Communities of Violence : Persecution of Minorities in the by David Nirenberg

By David Nirenberg

Makes a speciality of particular assaults opposed to minorities in fourteenth-century France and the Crown of Aragon. This booklet argues that those assaults - starting from massacres to verbal attacks opposed to Jews, Muslims, lepers, and prostitutes - have been frequently perpetrated by means of teams that manipulated and reshaped the on hand discourses on minorities.

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Nor did I follow those who trafficked in nightmares, like the political scientist Samuel Huntington, whose The Clash of Civilizations, published in the same year (1996) as Communities of Violence, prophesied a new world order of increasingly religious confrontation in which geopolitical conflict would be structured along the fault lines between competing civilizational blocks, each unified by a shared religion and culture that would put them at odds with their neighbors. I had (and have) little confidence in such prophets, and least of all in their pretensions to quantify the relative capacity for violence of a given religion or civilization.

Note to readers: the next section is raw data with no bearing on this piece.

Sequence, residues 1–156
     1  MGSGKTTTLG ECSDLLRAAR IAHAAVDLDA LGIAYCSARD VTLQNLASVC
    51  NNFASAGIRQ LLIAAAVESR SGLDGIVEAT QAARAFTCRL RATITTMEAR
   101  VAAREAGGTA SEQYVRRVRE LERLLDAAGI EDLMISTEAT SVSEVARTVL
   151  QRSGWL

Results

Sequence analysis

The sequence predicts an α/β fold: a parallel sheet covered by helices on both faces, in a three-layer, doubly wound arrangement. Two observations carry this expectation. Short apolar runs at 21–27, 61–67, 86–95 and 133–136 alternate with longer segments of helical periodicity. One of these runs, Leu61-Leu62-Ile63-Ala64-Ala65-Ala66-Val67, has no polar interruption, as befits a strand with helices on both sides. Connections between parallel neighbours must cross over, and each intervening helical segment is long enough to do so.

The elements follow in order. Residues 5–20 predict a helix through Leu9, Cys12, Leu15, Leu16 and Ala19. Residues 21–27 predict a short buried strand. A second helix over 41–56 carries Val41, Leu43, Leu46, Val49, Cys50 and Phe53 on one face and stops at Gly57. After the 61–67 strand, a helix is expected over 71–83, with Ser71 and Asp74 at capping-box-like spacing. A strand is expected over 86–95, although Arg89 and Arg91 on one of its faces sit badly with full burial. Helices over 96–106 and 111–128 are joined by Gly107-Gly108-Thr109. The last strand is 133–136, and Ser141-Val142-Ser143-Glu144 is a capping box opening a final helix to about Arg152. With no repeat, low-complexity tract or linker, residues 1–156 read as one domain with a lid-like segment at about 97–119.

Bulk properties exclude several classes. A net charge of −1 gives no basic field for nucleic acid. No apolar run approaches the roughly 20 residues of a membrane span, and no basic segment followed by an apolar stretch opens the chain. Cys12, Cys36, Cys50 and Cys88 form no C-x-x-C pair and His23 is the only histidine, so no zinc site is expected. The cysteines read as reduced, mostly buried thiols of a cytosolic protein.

The result is a rose-tinted scapegoating theory, in which any act of violence can be interpreted as part of a system of tolerance, draining history of all its horrors. In short, the years since the publication of Communities of Violence have impressed upon me the power of our yearning to “periodize through violence, to divide the … world into opposing categories of tolerance and intolerance, mutual interest versus mutual hostility, open society or closed,” rather than accepting the “dependence of the one upon the other” (245).

Ed. Rolf Tiedemann and Hermann Schweppenhäuser. Frankfurt: Suhrkamp, 1991. Vol. I. 696. ACKNOWLEDGMENTS MANY OBLIGATIONS, material and spiritual, were incurred in the writing of this book. Financial support for the project came from a variety of institutions. The Andrew W. Mellon Foundation; the Ford and the William and Flora Hewlett Foundations under the auspices of the Social Science Research Council; the Fulbright-Hays/Spanish Government program; the Program for Cultural Cooperation between Spain’s Ministry of Culture and American Universities; and the Mrs.

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